On March 23rd, I decided to take a trip into Yellowstone National Park, a short drive from my current location. I had a feeling it may be my last trip into the park for awhile and I was right. The following is a story I wrote for a new podcast I am a part of, which is shared below. Whether you read it all or listen to the audio, I thank you for your time and for listening to my thoughts. You can subscribe to the A Life Outside Podcast here.
I stopped my car at a pump in front of a gas station and took a deep breath.
I was going to look ridiculous, but it what was needed.
I reached into my center console and pulled out a latex glove, one of a few dozen that I have in my emergency hiking kits. Earlier, I had debated donating my gloves to the nearby Quick Care or hospital, but I didn’t. I wanted to help, but I also wanted to keep myself safe. I tried to convince myself that a dozen or so latex gloves wouldn’t really help. I beat myself up over this as I snapped on the glove.
My gloves were purple, but my mood was matching the weather in town, growing more gray by the hour.
Bad weather messes with me. I hate that it does, but the moment a gray day arrives after a few days of sun, my head hangs low. Like I am trying to keep my face dry in a rain shower. I spent my formative years in Grays Harbor County, the place that tossed a few logs on the bonfire that was Kurt Cobain’s depression. Or so I assume. Generally, people who aren’t depressed don’t kill themselves with a shot gun.
“And I swear that I don’t have a gun.”
The lyrics stopped abruptly as I opened my door. Cars built in the 2010s do all sorts of strange things. The car behind me at the pump had Montana plates and the man was wearing a cowboy hat.
Great, I thought to myself, preparing myself to get mocked. Or at least side eyed.
I probably deserved it a little. It was 35 Fahrenheit out and cloudy. I was in shorts and a thin hoody, trail running hat and sunglasses. The normal look for me 360 days a year. The other five (or six on leap years) days, the temperature is below zero. I also don’t, until this week, normally wear a purple latex glove on my right hand either. Or my left.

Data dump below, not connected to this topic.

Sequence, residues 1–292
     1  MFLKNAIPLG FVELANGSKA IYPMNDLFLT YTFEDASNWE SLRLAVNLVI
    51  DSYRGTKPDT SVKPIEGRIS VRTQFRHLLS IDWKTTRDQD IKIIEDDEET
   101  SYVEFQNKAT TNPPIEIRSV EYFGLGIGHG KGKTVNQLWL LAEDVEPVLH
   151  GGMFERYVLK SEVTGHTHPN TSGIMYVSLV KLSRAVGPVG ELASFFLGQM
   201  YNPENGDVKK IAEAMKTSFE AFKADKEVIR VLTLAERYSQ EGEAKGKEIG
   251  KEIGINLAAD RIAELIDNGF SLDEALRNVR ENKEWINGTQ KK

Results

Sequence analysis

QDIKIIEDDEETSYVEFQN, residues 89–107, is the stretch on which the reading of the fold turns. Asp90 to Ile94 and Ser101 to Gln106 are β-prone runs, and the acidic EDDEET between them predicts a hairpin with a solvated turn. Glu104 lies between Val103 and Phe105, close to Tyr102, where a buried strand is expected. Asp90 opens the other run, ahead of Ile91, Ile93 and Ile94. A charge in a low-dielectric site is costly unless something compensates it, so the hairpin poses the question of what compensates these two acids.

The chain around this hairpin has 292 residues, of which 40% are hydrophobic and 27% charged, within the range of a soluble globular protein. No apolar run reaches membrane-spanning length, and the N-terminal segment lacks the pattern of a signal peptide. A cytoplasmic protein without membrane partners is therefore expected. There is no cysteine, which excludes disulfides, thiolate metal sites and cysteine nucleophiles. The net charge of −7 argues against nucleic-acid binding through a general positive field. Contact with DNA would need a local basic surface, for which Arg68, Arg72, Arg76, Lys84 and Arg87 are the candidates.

With my unsheathed hand, I swiped my card in the card reader and prepaid. $2.19 a gallon. Down a dime a gallon in three days.
Had it really just been three days since the last time I got gas? It had felt like weeks.
The cowboy ignored me and drove off. Maybe he was fearful of my Washington plates.
I finished pumping gas, closed the gas cap, tossed the glove in the trash and drove south.
A pit in my stomach had spurred on a trip down Highway 89, letting me pass under the Roosevelt Arch for one last trip into Yellowstone.
I had heard rumors, but was fighting to believe them.
They won’t close the park.
They will just shut down the infrastructure, close the hotels and us locals can have our National Park through this madness.
My soul wanted to believe this, but my brain knew better. They were going to close the park. COVID-19 claimed another casualty. This time, it was the National Park in my backyard.
As I was driving out of town, a thought hit me. the plan is to be ready to have the town shut down to entry and exit once the hospital beds are full. There are not that many beds. Because of this thought, driving out of town was a little unsettling. How many times will I be able to do this in the next few months? Weird times are being found in wonderful places.
The drive down 89, through Paradise Valley was as pretty as ever. The rugged peaks ripped open holes in the clouds, giving me sunny views of the the mountains I will be scaling in a few months. My mood was lifting. By the time I reached Mallards Rest, an elevated overlook over a horseshoe bend of the Yellowstone River, I was smiling.
The big skies of Montana are my backyard right now for a reason. My soul needs it. My sanity depends on being able to get into nature quick, fending off panic attacks and bouts of depression. Here, the sadness and worry has always been replaced; my spirit becomes adventurous and carefree.
Well, that was true.
Now, escaping news of coronavirus is next to impossible. My hand works on its own, disconnected from the rest of my body and loads the news on my phone. It then positions the screen in front of my eyes, forcing me to take in the words. 17 times a day seems like a realistic number. While every other part of me is weak with worry, my arm never tires.